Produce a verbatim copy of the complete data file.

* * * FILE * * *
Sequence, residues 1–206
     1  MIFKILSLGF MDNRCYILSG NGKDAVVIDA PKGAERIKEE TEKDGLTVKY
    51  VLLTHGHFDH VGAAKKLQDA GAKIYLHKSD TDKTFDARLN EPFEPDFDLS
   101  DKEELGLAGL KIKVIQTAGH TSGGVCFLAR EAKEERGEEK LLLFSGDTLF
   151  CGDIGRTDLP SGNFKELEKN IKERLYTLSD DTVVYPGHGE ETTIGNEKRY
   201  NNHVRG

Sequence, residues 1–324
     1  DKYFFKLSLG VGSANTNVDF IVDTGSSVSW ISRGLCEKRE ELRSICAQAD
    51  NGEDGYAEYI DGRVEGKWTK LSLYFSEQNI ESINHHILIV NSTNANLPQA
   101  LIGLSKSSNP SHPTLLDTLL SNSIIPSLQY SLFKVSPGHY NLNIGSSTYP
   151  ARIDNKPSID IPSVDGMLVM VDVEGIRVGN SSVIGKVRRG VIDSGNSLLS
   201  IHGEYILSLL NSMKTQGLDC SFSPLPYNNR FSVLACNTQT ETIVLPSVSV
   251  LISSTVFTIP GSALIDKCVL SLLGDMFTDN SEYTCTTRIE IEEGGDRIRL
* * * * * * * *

Sequence, residues 1–206
     1  MIFKILSLGF MDNRCYILSG NGKDAVVIDA PKGAERIKEE TEKDGLTVKY
    51  VLLTHGHFDH VGAAKKLQDA GAKIYLHKSD TDKTFDARLN EPFEPDFDLS
   101  DKEELGLAGL KIKVIQTAGH TSGGVCFLAR EAKEERGEEK LLLFSGDTLF
   151  CGDIGRTDLP SGNFKELEKN IKERLYTLSD DTVVYPGHGE ETTIGNEKRY
   201  NNHVRG

Sequence, residues 1–324
     1  DKYFFKLSLG VGSANTNVDF IVDTGSSVSW ISRGLCEKRE ELRSICAQAD
    51  NGEDGYAEYI DGRVEGKWTK LSLYFSEQNI ESINHHILIV NSTNANLPQA
   101  LIGLSKSSNP SHPTLLDTLL SNSIIPSLQY SLFKVSPGHY NLNIGSSTYP
   151  ARIDNKPSID IPSVDGMLVM VDVEGIRVGN SSVIGKVRRG VIDSGNSLLS
   201  IHGEYILSLL NSMKTQGLDC SFSPLPYNNR FSVLACNTQT ETIVLPSVSV
   251  LISSTVFTIP GSALIDKCVL SLLGDMFTDN SEYTCTTRIE IEEGGDRIRL